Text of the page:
There are many ways to enjoy your first visit to a country. In Valencia, it’s most certainly by eating. Packed with a rich gastronomic scene, Michelin-starred restaurants, and an abundant supply of seafood, Valencia is a foodie’s paradise.
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City of sun, seafood, and paella
Valencia is the third largest city in Spain next to Barcelona and Madrid. It might not be top of mind when you think of Spain, but it is most certainly emerging as one of the country’s must-see cities thanks to its promising beaches, exceptional gourmet cuisine, daring architecture, and year-round sunshine. Many find it even relatively cheap to stay here and have an extended holiday.
There’s no denying that seafood is integral to life in this city situated along the Mediterranean coast, and that’s reflected in its rich food culture where the bounty of the sea is front and centre.
Read our essential Valencia city guide and learn how to eat your way around this beautiful Spanish city.
What to eat
Paella is almost synonymous to Spain and Valencia is the home of this iconic dish. Paella valenciana consists of saffron-infused rice, beans, stock, rabbit, chicken, and, sometimes, snails. Traditionally, it is cooked over charcoal fire and enjoyed for lunch with the family. Who would’ve thought this simple farmer’s recipe would become one of the world’s most famous dishes.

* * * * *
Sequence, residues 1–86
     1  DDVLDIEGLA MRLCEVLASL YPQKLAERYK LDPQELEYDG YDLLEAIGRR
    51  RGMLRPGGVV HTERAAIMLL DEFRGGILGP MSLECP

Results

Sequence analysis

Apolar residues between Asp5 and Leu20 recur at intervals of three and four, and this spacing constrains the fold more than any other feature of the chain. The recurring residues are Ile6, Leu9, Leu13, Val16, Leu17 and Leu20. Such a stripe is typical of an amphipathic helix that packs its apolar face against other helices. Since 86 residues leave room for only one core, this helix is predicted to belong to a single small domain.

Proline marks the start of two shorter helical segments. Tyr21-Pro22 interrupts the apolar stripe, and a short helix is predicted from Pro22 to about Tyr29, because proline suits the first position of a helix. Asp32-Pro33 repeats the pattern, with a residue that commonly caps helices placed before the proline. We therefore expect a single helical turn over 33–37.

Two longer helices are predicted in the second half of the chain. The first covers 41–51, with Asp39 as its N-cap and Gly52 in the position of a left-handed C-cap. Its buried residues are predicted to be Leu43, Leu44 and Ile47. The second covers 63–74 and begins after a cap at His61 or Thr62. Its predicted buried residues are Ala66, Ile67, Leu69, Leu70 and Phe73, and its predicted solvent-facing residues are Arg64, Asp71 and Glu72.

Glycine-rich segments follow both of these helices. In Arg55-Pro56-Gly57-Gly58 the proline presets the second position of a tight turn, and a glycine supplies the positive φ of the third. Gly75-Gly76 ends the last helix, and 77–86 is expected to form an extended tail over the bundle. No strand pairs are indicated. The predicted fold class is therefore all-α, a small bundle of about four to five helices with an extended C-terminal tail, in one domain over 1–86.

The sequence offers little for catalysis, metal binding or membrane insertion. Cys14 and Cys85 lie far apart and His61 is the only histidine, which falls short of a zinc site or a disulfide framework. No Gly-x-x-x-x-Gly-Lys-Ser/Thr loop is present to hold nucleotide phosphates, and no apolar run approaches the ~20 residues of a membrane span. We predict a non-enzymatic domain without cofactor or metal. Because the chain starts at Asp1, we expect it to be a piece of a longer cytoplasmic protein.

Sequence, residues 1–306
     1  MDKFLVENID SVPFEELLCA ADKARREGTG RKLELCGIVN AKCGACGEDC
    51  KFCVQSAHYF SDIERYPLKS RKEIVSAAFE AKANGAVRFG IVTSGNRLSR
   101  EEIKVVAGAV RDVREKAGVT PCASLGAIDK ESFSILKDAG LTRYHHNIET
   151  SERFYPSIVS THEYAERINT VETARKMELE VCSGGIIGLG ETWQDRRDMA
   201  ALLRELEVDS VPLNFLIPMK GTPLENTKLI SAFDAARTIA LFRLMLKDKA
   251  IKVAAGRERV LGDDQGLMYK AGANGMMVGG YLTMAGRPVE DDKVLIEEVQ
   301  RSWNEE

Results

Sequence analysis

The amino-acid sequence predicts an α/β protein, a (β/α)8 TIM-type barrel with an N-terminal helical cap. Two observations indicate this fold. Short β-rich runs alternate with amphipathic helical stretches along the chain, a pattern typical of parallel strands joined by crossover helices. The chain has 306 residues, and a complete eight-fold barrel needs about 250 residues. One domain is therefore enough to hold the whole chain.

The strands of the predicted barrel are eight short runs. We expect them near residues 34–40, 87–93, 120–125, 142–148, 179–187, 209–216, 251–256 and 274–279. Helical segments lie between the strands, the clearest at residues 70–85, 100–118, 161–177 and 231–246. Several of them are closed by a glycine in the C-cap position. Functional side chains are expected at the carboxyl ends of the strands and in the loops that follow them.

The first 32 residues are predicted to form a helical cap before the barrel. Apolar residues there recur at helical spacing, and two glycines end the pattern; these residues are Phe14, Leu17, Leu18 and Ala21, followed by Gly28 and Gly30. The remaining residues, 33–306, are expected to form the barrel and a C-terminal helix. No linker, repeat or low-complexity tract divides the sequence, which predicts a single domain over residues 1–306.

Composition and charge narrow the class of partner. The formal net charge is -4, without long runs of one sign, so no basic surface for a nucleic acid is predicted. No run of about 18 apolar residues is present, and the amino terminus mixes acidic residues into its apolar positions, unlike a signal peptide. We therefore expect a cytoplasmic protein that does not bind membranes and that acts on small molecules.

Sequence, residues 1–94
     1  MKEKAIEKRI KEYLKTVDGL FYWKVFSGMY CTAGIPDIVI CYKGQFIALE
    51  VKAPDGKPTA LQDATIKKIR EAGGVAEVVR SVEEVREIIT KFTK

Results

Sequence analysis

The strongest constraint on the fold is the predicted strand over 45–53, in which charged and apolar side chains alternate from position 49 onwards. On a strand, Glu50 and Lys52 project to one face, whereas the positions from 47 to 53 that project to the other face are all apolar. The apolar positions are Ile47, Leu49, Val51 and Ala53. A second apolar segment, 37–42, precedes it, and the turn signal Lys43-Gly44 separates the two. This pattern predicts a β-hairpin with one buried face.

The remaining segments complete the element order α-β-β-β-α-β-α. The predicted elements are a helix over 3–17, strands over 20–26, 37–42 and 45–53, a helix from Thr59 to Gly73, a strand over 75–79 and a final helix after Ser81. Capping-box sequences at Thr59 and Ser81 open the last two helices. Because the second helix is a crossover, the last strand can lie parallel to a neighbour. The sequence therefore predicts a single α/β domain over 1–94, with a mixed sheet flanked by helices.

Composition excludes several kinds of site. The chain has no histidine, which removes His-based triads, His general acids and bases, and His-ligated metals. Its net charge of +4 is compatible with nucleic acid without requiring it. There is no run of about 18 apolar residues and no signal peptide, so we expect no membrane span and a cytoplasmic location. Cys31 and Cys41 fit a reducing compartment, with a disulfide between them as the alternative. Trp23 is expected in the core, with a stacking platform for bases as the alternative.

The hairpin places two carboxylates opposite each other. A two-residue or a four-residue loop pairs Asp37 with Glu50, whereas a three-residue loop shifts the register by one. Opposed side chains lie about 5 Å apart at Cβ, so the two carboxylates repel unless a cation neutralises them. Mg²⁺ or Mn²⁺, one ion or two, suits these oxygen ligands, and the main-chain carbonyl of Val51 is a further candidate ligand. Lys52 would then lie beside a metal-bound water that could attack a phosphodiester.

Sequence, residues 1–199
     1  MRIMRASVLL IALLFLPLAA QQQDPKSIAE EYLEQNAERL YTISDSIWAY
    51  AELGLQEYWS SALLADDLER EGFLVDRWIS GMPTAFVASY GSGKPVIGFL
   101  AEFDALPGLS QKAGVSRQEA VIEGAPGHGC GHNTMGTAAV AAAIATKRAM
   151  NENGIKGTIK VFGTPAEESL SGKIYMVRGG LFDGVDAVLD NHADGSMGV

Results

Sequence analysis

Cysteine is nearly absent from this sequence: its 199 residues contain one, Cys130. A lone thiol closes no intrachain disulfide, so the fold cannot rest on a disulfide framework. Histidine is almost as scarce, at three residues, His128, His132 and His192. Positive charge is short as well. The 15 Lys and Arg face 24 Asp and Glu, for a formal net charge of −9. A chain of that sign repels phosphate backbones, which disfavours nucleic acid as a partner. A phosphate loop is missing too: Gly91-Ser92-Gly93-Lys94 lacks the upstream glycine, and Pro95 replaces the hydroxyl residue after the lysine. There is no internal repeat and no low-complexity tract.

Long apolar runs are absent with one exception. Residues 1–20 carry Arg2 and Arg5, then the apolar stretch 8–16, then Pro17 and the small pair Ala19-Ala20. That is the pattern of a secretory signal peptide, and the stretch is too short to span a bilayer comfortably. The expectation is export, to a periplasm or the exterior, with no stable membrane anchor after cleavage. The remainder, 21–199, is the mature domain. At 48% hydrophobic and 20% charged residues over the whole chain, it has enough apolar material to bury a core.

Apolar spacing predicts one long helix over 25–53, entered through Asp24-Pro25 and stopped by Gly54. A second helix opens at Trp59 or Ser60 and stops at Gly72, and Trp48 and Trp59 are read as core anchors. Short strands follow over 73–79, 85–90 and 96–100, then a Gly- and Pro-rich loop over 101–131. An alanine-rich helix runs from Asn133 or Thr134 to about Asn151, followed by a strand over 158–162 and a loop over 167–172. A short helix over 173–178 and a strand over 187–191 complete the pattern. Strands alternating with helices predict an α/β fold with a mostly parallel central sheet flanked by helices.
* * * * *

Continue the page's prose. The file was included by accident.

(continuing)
Trivia: While paella is commonly known as the dish, the term actually refers to the huge, flat pan in which it is cooked.
If you’re not into rice that much, this local dish may just save you from hunger while exploring Valencia. Similar to paella, fideuà uses pasta instead of rice to create a heavy meal packed with seafood goodness, including prawns, mussels, and squid. It often comes with a slice or two of lemon for seasoning.
All i pebre
It’s not every day that you will find eel in restaurant menus. But since it’s Valencia, you can expect to find seafood extravaganza like all i pebre. A stew cooked with chunks of fresh eel and potatoes, this hearty meal is simmered to perfection with garlic, paprika, and ground almonds.
Arròz a banda
Not to be confused with paella, arròz a banda is another local favourite rice dish served with fish served first while the savoury stock-infused rice with a dollop of aioli (garlic mayonnaise) as a second course. This dish originated from the nearby coastal city Alicante but is a mainstay in Valencian restaurant menus.
In Valencia, you surely can’t miss the local’s favourite tapas (savoury appetisers or snacks)— esgarraet . A tasty combination of salt-cured codfish and sweet strips of red capsicum, it is a tasty dish that swims in a pool of extra virgin oil with lots of bread on the side.
Buñuelos and churros